Nouméa is the capital and only
city on the main island of New
Caledonia, a French territory in the southwest Pacific.
The city lies on a peninsula at the
island’s southern tip, sandwiched between low hills
and a protected deepwater harbour.
Founded in 1854 as Nouméa, Nouméa remains dominated by French language
and culture. The local economy is based on nickel smelting and tourism.
often referred to as the "Paris of the Pacific" because it
possesses a cosmopolitan atmosphere,
fine French restaurants, and chic boutiques. Tourists come here to visit
the city's many beaches, and to
windsurf and sail. Between the two main tourism areas of the town, Ansa
Vata Beach and Baie des Citron , a cigar-shaped peninsula
juts out into the South Pacific at Nouméa.
Nouméa is located on a
protected harbour in the southwestern
part of the island of New Caledonia. It
is the territory's capital, chief port, and principal administrative and
economic centre. Tourism, and the mining and refinement of nickel-ore are
both important to the town's economy. The National Conservatory of Arts
and Crafts and the Bernheim Library are situated here.
List of Highlights
- The Place des Cocotiers: Shadowed
by centenary flame trees, Place des Cocotiers is a very popular
gathering place right in the heart of the city. Four different areas
have been designed to provide a soothing environment for city dwellers
to enjoy. The most ancient area, the "Place Feuillet", has
been landscaped around an authentic old time music kiosk, the
"Place Courbet" and its monumental "Céleste"
fountain, the "Place de la Marne" with its open market and
live entertainment and finally the "Olry Square " where
sitting at a café terrace overlooking a refreshing ornamental lake is
a pleasurable experience
Centre: Discover the unique architectural embodiment of an
age-old identity. Located on the Tina peninsula, in Nouméa, 10
minutes from the town centre, the Tjibaou Cultural Centre is an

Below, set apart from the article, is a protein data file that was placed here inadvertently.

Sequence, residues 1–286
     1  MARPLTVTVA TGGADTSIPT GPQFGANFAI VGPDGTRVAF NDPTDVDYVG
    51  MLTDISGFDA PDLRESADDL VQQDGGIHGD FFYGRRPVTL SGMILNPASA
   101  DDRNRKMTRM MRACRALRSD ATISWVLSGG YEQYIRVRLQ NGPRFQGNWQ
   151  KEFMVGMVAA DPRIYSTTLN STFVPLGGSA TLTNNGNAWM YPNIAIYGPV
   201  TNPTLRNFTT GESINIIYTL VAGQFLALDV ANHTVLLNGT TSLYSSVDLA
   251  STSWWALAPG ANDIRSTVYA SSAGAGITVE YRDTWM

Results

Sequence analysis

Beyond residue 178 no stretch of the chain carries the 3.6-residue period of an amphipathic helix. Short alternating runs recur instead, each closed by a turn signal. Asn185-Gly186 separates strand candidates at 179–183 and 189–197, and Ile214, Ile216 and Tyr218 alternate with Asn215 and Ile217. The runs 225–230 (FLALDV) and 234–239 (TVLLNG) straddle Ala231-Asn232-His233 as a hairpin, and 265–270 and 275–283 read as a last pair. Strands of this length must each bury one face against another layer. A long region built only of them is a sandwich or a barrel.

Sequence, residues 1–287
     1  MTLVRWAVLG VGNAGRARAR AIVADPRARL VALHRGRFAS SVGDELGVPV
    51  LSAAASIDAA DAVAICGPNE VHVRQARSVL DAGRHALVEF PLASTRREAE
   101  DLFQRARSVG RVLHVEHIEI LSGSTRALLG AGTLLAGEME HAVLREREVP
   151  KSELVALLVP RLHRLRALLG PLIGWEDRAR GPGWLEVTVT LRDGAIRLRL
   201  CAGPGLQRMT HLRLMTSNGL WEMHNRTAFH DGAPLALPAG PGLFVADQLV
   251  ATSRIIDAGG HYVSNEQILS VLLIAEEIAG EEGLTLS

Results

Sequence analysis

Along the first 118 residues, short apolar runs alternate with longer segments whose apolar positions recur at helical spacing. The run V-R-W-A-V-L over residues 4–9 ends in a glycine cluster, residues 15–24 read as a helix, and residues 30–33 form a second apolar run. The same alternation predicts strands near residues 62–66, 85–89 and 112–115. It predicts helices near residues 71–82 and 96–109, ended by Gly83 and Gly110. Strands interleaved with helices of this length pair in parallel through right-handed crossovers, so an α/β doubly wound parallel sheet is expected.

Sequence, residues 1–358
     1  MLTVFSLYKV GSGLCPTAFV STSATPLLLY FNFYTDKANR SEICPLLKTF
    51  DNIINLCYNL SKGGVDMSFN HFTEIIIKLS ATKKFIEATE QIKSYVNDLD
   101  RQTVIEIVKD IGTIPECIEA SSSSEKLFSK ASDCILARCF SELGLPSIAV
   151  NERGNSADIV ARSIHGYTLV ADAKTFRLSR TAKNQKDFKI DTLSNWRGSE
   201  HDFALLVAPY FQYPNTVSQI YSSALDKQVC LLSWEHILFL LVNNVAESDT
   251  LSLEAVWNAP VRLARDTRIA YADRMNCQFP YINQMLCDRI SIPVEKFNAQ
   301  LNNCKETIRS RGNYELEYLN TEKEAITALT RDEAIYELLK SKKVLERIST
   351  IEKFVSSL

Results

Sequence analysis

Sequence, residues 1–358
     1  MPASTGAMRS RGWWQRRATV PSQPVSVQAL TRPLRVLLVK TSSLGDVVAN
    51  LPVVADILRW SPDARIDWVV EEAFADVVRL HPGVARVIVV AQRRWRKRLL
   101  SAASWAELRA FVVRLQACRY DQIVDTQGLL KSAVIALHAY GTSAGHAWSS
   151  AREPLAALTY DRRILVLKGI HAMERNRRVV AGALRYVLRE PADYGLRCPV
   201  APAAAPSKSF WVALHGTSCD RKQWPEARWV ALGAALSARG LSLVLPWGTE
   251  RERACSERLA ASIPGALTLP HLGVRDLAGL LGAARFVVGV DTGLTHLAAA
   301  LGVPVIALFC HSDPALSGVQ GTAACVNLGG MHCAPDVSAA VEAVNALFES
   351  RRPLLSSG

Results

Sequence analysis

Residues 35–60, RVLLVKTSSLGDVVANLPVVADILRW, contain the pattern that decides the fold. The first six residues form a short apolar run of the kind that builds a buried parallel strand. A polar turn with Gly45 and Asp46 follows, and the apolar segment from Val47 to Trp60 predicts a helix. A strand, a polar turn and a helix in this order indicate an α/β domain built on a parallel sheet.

unambiguous statement, with its bold, modern style, both elegant and
restrained, drawing inspiration from traditional Kanak architecture.
Designed by Renzo Piano, one of the outstanding architects of the age
(1998 Pritzker Price), the Tjibaou Cultural Centre is an harmonious
alliance of traditional and modern.
Explore the Kanak path, the
expression of a nation's soul : Like an introduction, the Kanak path
leads the way to the Melanesian identity. Along this path, the visitor
will be initiated into the strength, the savours and the emotions
issuing from a living, ancestral culture, before stepping across the
threshold into the house.
Meet Pacific creativity : The
Tjibaou Cultural Centre is testimony to the vitality of Pacific
cultures. The works of Kanak art presented in the Bwenaado house and the
imposing Pacific sculptures conceived for the Jinu house offer the
visitor a voyage of discovery through these secular civilizations. The
Beretara gallery contains a unique collection of contemporary art from
the Pacific region. The multimedia library offers the public a wide
range of documentary resources on Kanak and Pacific cultures,
representing both tradition and the contemporary viewpoint. Hours :
Tuesday - Sunday (10 am - 6 pm). Closed on Monday.
Museum: Opened in 1971, this museum is dedicated to the
archaeology and ethnology of Oceania, a fascinating world. A vigilant
guardian of a several thousand years old culture, it invites you to
discover the archaeology of New Caledonia, the Kanak arts and
traditions. Its halls display a magnificent collection of ancient
Melanesian sculptures, totems, funeral masks, as well as many objects
depicting all the aspects of this society along the years: pottery,
ornaments, jewellery made of jade or shells, Kanak coins, spears,
models of outrigger canoes, roof poles, etc. Melanesian huts have been
built inside, and there is even an ethno-botanic garden in a patio.
Location: On the corner of avenue Maréchal Foch and rue Eugène-Porcheron
- City Centre. Hours: From 9 am to 11.30 am and 12.15 pm to 4.30 pm.
Every day except Tuesdays and public holidays.
The City of Nouméa
Museum (former Town Hall): Exhibitions retrace the
history of the city and its architectural heritage. Location: In the
former Town Hall, facing the Place des Cocotiers, at the corner of
avenue Foch & rue Jean-Jaurès. Hours: Mon. to Sat. from 9 am to
4.45 pm. Admission : Free
The Maritime History
Museum: This museum has been
open since 1999. Located in the port’s old passenger terminal, it
displays about 40 pieces of wreckage salvaged from the numerous ships
which have run aground on the reef. Each piece has been carefully
catalogued by the Fortunes de Mer and Salomon Associations.
Mount Ouen Toro: At
the southern tip of the Noumea peninsula, the Ouen Toro (128 m) offers
an outstanding viewpoint over metropolitan Nouméa. The beginning of